OHIO — The killing of George Floyd and the protests that followed highlighted longstanding racial and social justice issues in the US that have yet to be solved. In an exclusive Spectrum News/IPSOS Poll, which surveyed 1,400 Ohioans in urban, suburban and rural areas around the state, residents revealed how they felt about race and race relations.
The death of George Floyd set off protests all around the world, shining a light on racial injustice, even in the State of Ohio. Harrison Poku-Yeboah helped organize protests in columbus.
“In Columbus, we see it, we feel it, we hear, read about it in the news,” said Poku-Yeboah.
He’s also been holding conversations surrounding race relations and racial injustice and believes people’s world views are shaped by who they’re surrounded by. Through protests and conversations, he’s discovered a lot about himself and his white counterparts.
“I have a friend that I worked with and prior before me getting in the position. He’d never had a Black friend. He never had a Black man even come to his house to help him out, and just by the position that me and him have, now we understand each other because we are around the same area.”
But for those who don’t support Black lives, Poku-Yeboah said it makes him know the truth.
“And I think when you know the truth, you’re able to move around. Because I feel like many years ago, we were walking around with people smiling and not really knowing how much they really felt about you.”
Kevin Anthony met Poku-Yeboah before protests started. Poku-Yeboah says they’ve had differing views on politics and racial injustice, but they’ve learned from one another. Both believe conversations are an answer to the solving some of the problems.
“There needs to be more conversations, but I think it’s a group thing. You know, I feel like everybody has to do their part. It’s not just one person or two person. Like everybody has to take steps with their self and within their community,” Anthony said.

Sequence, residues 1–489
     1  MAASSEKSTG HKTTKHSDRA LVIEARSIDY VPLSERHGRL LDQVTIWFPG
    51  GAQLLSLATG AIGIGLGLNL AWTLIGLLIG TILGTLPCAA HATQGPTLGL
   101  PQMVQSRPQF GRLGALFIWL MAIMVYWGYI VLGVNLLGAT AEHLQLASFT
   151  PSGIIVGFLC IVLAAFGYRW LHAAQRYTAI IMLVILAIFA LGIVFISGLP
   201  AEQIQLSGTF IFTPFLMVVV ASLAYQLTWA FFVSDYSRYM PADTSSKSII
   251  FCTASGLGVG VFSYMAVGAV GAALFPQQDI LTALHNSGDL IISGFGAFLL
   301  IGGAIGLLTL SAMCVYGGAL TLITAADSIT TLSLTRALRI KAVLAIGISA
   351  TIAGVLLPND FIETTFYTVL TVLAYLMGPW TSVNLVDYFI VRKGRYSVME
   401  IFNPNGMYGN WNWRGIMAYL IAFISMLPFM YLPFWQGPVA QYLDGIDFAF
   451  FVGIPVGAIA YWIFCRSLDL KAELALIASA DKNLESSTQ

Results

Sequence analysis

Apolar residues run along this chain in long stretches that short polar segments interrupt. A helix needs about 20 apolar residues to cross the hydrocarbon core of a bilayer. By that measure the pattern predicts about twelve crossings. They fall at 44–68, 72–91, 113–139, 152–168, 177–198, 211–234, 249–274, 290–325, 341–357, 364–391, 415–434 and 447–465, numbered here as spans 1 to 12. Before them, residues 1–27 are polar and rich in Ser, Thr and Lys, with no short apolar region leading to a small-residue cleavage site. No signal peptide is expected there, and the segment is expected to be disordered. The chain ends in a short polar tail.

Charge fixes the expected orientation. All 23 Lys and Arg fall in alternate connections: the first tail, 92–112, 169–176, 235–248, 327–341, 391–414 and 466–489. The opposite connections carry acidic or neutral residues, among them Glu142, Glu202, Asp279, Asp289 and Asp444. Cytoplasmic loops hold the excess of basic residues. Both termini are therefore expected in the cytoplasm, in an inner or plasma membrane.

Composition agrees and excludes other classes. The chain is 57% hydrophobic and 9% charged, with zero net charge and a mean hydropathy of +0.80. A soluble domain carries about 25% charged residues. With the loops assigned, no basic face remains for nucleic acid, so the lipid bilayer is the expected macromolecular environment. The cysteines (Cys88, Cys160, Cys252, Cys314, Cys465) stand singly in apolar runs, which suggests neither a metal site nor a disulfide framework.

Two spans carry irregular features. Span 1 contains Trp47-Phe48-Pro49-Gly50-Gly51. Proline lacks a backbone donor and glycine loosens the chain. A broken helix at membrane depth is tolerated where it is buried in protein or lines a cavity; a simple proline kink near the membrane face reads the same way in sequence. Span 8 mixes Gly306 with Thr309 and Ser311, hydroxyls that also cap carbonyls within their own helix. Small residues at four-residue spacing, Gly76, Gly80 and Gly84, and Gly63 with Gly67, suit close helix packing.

When Poku-Yeboah learned about the results of the Exclusive Spectrum News/IPSOS poll, he wasn’t surprised. The poll showed the 70% of Black Ohioans felt racism is a significant problem in Ohio compared to 54% of white Ohioans. Plus, it showed that 58% in the state overall felt police using excessive force against Black or African Americans is a widespread problem.
Looking closer, the poll also showed those making $50,000 or less saw these as big problems. In addition, it showed more residents in Columbus than any other major city in the state did, too. Anthony has a slightly different take on some of the issues highlighted.
“So like, you know, every day life. I don’t see the issues as much. You know, sometimes they exist, of course, but not as much as the media pushes that agenda.”
Senior Legal Analyst Kyle Strickland with the Kirwan Institute for the Study of Race and Ethnicity said the issues raised within the poll point to Columbus being a place where there’s a big racial and economic divide.
“There have been movements here in Columbus. There’s a movement at the Statehouse to really have these conversations in Columbus. There have been many high profile incidences of police violence, and even excessive use of force among the Columbus Police Department.”
Overwhelmingly, Black Ohioans disagreed with the idea that they receive equal treatment compared to white Americans in the U.S. White Ohioans seem to be split on this matter. Then, nearly half of white Ohioans support the Black Lives Matter Movement and 43% don’t. The biggest supporters are 18 to 34 year olds, especially those in Columbus. But in Cincinnati, not so much on this issue or the other issues.
Strickland said Cincinnati’s seen its fair share of racial tension and social unrest, but “It’s possible that they’ve, that folks in Cincinnati have experienced it, have talked about it a lot, and perhaps maybe think they’ve moved further along the process than maybe others have
For Poku-Yeboah, the Black Lives Matter Movement isn’t about an organization, rather every injustice concerning Black people.
“We’re not here to have every person that disagrees with Black Lives Matter or does not like my skin tone to love me. But we just want you to respect us, and we want people to be held accountable for the things that they do.”
While Poku-Yeboah understands columbus and the rest of the country have a ways to go when it comes to reaching racial equity in communities, he hasn’t given up hope.
“I do believe that that hope is coming, things are getting better—will get better.”
For full poll results and analysis, click here.
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